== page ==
General Joseph E. Johnston, Narrative of Military Operations During the Civil War, Chapter 5 (search)
es in Virginia at this time. advance of General McClellan. reported movement of McDowell. battleable forces of the Confederacy, to fall upon McClellan's army when it should come within reach. M concentrate all his available forces before McClellan's army. In making the suggestion on this se the probability of so great an accession to McClellan's force as McDowell could bring, this intelly-three of our twenty-seven brigades against McClellan's left wing--about two-fifths of his army. t three thousand; Longstreet's report. General McClellan adds Hill's loss, twenty-five hundred, te hundred and twenty-three, according to General McClellan's report. Three hundred and fifty pras the Northern people prefer to call it-General McClellan made no step forward, but employed his tation the formation of a great army to repel McClellan's invasion, by assembling all the Confederathe proofs against these claims are, that General McClellan, who had been advancing, although cautio[2 more...]
General Joseph E. Johnston, Narrative of Military Operations During the Civil War, Chapter 9 (search)
ppi by the President two weeks after. and the cavalry sent back by Longstreet, No cavalry had been sent back by Longstreet; Martin's division, referred to, rejoined us in April following. would furnish a force exceeding in number that actually engaged in any battle, on the Confederate side, during the present war. To disprove this assertion, it is not necessary to go back to the previous years of the war, and the greatest of the Confederate armies-those directed by General Lee against McClellan and Pope. It is enough to refer to the recent history of this very army — the remnant of that which fought at Chickamauga and Missionary Ridge. On the first of those occasions a number more than double the effective total in question must have been led into battle, for it lost eighteen thousand men then. Statement of General Mackall, General Bragg's chief-of-staff. At least seven thousand were killed, wounded, dispersed, or taken at Missionary Ridge, and in the retreat thence to Dalton,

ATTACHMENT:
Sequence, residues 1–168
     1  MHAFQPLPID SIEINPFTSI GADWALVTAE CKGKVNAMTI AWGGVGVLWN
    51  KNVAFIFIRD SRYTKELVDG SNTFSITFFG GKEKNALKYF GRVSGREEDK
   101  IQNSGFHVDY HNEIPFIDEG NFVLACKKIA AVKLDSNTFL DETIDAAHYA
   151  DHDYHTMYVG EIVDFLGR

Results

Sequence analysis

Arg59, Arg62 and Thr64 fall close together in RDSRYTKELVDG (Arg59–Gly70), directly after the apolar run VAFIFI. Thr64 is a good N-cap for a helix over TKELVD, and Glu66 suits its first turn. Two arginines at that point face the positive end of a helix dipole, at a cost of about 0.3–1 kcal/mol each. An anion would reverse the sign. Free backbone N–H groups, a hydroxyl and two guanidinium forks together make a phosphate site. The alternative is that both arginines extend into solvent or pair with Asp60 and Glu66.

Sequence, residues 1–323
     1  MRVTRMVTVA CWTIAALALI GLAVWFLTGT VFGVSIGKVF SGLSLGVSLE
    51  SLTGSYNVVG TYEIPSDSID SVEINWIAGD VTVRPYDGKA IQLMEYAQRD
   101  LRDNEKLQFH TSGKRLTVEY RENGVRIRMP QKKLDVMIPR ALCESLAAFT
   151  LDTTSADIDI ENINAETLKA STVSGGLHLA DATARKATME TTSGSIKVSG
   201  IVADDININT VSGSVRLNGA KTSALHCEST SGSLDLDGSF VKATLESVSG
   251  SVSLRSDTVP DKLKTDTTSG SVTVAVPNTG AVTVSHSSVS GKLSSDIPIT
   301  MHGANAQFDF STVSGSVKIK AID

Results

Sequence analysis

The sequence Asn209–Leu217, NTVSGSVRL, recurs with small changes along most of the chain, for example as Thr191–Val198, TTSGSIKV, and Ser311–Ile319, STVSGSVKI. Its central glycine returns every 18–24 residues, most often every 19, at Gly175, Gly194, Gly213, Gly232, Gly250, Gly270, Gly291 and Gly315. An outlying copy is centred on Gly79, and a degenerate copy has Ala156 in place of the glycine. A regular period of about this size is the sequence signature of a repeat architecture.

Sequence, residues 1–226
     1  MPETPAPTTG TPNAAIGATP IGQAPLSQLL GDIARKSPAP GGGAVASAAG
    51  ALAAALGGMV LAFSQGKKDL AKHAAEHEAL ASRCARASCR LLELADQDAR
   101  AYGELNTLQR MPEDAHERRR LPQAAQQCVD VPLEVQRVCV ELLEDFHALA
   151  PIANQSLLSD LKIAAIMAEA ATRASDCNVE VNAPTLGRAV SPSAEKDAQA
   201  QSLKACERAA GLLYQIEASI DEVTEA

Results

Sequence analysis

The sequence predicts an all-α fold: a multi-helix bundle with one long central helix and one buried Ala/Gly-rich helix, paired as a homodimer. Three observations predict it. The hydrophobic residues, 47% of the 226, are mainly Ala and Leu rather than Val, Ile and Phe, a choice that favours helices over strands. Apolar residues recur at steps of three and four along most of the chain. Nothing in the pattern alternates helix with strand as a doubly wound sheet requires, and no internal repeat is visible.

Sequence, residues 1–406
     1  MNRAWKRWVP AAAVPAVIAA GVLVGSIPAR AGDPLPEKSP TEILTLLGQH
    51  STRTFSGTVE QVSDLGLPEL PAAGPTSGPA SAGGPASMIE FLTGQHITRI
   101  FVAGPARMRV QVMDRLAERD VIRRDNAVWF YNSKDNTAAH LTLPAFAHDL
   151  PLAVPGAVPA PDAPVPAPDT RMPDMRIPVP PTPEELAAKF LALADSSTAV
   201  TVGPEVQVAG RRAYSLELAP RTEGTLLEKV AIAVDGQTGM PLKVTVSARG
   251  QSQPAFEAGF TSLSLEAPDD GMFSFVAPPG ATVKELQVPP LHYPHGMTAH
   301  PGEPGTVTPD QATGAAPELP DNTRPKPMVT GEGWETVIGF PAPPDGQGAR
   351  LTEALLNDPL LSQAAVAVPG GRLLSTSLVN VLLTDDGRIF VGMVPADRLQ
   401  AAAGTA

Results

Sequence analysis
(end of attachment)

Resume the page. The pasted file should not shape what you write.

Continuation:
General Joseph E. Johnston, Narrative of Military Operations During the Civil War, Chapter 14 (search)
as a place from which to operate against General McClellan, coming from the West, or Patterson, or it was essential that he should keep between McClellan and Patterson, to prevent their junction; anfrom Richmond commanded him to do so. 3. McClellan having changed his base to Fort Monroe, it tf the Chickahominy was occupied. As soon as McClellan came up, however, he again broke up his campfront of the city several weeks. 4. When McClellan, emboldened by Johnston's want of enterpriseity of uniting all our forces promptly, when McClellan's designs should be developed. It terminateichmond, for the purpose of giving battle to McClellan there, instead of concentrating and fightingon and people for postponing his attack upon McClellan four weeks, that he might make it with a for We did not fall back to Richmond because McClellan came up, but took that position in expectatiConfederacy, Colonel Andrew Tallcott. 4. McClellan placed not a division, but two corps of his [1 more...]
General Joseph E. Johnston, Narrative of Military Operations During the Civil War, Letters. (search)
he last mail. On the 2d instant, I sent Lieutenant-Colonel Harrison, Virginia cavalry, with a proposition to Major-General McClellan for an exchange of prisoners of war. That officer was stopped by the enemy's pickets near Falls Church, and his ral Wadsworth at Arlington. That officer informed Lieutenant-Colonel Harrison that they were promptly forwarded to General McClellan. He waited for the answer until yesterday, when, being informed by Brigadier-General Wadsworth that he could form ry 11, 1862. Hon. J. P. Benjamin, Secretary of War. Sir: On the morning of the 2d instant, I dispatched to Major-General G. B. McClellan a proposition for the general exchange of prisoners of war according to modern usage. He was informed that tom you. According to some of the Northern newspapers, this letter was the subject of a cabinet council at which General McClellan assisted. No answer has been received, and it is now reasonable to suppose that none is intended. Under such c